Style Arc Esme top in quilted knit from The Cloth Shop

I was almost as fast to buy the fabric as I was to buy the pattern. The printed knit is pre-quilted, and came from The Cloth Shop. I bought the very last of the roll, and had to do some pattern tetris to eke the top out of the small amount of fabric that I had – all while trying to centre the design and match it at the seams at the same time. Unbelievably, I was successful. Clearly it was meant to be.

Style Arc Esme top in quilted knit from The Cloth Shop

I cut this as size 12 with no alterations. The collar did have to be cut on the straight grain rather than on the bias. I figured that with a fabric like this one it would be fine on the straight grain.

Style Arc Esme top in quilted knit from The Cloth Shop

Because the fabric is quilted it has substantial body. I needed to finish all the cut edges, as there was a layer of “fluff” between two layers of thinner fabric all quilted together, and when it was cut those layers all separated a little. You can see that more clearly in the next photo.

Style Arc Esme top in quilted knit from The Cloth Shop

This was a very easy sew. I used a zig-zag stitch on the machine to secure hems, and used the overlocker for all the rest of the construction. The front hemline is shorter than the back, and there are slide slits. Those are all details that I really enjoy in a top. The pattern illustration shows the collar worn up, but in this fabric that just felt (and looked) weird, so I’ll always wear it folded over.

Style Arc Esme top in quilted knit from The Cloth Shop

The pattern drawing and description from the Style Arc website is as follows:

ESME DESIGNER KNIT TOP: “The Wanted” garment of the season. This knit top has a fabulous bias cut collar that can stand fashionably high or turned over. Make it sleeveless or with sleeves for the cooler months.

FABRIC SUGGESTION & DESCRIPTION: Ponte, Scuba or any fabric with a stretch component

Style Arc Esme top in quilted knit from The Cloth Shop

I’ll definitely be using this pattern again!

Vogue 1410

So many patterns, so little time!  I pounced on Vogue 1410 pretty quickly when it was released.  Because I wasn’t sure about how the length would work on me, I decided to make a muslin (gasp!) – but one that I hoped would be wearable.  I shortened the pattern pieces at the shorten/lengthen lines – all two pattern pieces; fastest cutting out ever – and cut it out in some digitally printed cotton twill from Spotlight that had been lurking in stash for a year or two.  And this is what I ended up with!

Vogue 1410 in digitally printed drill from Spotlight - adjusted to longer length

It’s certainly out of the ordinary and is definitely a statement piece! This is the line drawing and pattern description from Vogue’s website.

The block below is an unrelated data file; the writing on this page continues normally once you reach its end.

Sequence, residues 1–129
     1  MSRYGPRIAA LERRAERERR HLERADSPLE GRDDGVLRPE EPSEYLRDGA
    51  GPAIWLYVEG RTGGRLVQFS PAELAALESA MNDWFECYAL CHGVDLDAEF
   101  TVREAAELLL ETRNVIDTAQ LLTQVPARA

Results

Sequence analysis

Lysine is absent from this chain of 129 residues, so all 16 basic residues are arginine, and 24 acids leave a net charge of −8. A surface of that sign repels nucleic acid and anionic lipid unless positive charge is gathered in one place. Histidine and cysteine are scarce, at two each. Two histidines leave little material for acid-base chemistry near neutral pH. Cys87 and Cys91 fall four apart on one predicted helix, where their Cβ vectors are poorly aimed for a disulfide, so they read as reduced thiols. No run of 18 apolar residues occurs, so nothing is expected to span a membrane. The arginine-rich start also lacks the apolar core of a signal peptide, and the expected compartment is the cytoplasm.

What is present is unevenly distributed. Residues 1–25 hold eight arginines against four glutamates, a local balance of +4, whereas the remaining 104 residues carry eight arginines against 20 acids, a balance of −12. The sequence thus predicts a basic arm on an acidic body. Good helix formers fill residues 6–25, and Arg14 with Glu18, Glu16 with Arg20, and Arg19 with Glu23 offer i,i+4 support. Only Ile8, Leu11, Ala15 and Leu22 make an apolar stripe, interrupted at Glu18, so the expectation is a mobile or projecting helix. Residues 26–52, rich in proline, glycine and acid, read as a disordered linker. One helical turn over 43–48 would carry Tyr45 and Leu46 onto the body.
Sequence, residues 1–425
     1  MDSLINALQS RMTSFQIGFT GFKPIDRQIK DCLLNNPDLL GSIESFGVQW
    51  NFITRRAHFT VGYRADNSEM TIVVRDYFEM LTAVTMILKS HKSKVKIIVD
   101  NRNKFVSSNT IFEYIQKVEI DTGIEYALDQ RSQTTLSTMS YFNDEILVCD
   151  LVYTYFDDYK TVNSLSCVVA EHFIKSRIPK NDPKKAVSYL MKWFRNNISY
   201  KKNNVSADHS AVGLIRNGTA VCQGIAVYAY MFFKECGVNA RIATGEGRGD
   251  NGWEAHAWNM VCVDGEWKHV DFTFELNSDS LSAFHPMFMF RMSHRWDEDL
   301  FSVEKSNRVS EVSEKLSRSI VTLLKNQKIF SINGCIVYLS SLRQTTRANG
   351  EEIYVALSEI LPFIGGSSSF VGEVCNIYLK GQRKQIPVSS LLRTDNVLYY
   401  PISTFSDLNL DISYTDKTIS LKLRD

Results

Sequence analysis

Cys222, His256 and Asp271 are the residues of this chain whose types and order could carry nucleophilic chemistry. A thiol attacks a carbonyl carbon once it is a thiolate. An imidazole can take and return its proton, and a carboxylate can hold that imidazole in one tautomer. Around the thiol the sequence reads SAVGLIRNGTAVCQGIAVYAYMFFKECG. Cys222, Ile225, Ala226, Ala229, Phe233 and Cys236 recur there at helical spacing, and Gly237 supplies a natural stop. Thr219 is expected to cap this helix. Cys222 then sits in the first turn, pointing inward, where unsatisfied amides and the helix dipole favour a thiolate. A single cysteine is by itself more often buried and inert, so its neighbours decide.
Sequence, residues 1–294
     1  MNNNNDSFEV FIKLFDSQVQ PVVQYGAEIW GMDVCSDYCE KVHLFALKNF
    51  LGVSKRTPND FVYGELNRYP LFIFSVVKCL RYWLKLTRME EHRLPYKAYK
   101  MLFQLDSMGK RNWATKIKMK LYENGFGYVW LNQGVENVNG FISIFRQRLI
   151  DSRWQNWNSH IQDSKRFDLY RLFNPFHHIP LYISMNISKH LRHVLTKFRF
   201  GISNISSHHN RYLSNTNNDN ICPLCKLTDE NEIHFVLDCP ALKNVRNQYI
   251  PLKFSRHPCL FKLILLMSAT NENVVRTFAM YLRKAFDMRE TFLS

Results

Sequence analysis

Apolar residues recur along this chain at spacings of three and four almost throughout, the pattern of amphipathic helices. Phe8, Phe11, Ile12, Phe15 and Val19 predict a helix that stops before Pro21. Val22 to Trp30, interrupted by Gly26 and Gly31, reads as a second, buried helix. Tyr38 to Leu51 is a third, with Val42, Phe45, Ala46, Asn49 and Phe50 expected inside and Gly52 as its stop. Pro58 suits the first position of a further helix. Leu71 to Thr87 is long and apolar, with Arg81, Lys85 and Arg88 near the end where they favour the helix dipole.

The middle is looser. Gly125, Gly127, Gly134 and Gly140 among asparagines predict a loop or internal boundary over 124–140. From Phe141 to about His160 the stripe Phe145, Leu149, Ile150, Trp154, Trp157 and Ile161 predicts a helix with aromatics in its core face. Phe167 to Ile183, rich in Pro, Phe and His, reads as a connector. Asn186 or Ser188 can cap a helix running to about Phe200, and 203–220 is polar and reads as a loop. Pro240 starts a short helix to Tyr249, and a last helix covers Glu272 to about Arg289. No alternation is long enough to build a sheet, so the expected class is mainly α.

MISSES’ DRESS: Very loose-fitting, pullover dress has very narrow hem finish on neckline and armholes, front and back pleats, inside button/buttonholes forming drape and three adjustable lengths, French seams, and narrow hem. Purchased cord stopper and elastic cord form front drape. FABRICS: Stretch Poplin, Seersucker, Silk Dupioni, Lt.Wt. Wool Crepe. Unsuitable for obvious diagonals.

Now, did you notice that bit about adjustable lengths?

Vogue 1410 in digitally printed drill from Spotlight - adjusted to shorter length

They weren’t kidding! There are buttons at different levels on the inside of the side seams and it is simple to button up the hem to any of the levels. As well as altering the length it adjusts the shape; the shorter the dress, the more bubbled the hemline.

Vogue 1410 in digitally printed drill from Spotlight - adjusted to shorter length

There are pleats/tucks that provide shaping in the back and pleats/tucks in the front that have buttonholes in them to provide shaping in the front with the use of a drawstring to alter how tightly the dress is pulled in.

Vogue 1410 in digitally printed drill from Spotlight - adjusted to longer length

The neckline, hem and armholes are finished with narrow hems before the side seams are joined together with french seams. This is actually very fast to sew, and the instructions were very clear. I had no issues. I think that I sewed size 14 but would need to double check that – it is a couple of months already since I made it. My blogging is very behind!

Vogue 1410 in digitally printed drill from Spotlight - adjusted to longer length

So far I’ve only worn this at full length. I’d like to make it again in a different fabric – possible a solid or a more subtle print – and wear it alone as a summer dress. This is a pattern that will definitely get another outing at some stage. But in the meantime my wearable muslin is lots of fun!

Vogue 1410 in digitally printed drill from Spotlight - adjusted to longer length

Lekala 4393

So, another experiment – this time Lekala 4393, described simply as “knit dress”.

Lekala 4393 knit dress

Lekala patterns are so cheap that I really don’t mind experimenting with them. They are a great way to try out different styles, since I know that they will basically fit me (depending on what measurements I plug in) and consequently my opinion on the final garment will be more about whether I like the style on me than about whether it fits me or not.

Lekala 4393 knit dress

Because this was such an experimental garment, I made it in scraps left from an earlier project. The fabric is a knit from Darn Cheap Fabrics, and I think it is still available on their website. I used both sides of the fabric, with the more solid side as a contrast.

Lekala 4393 knit dress 1721_technical_drawing_11381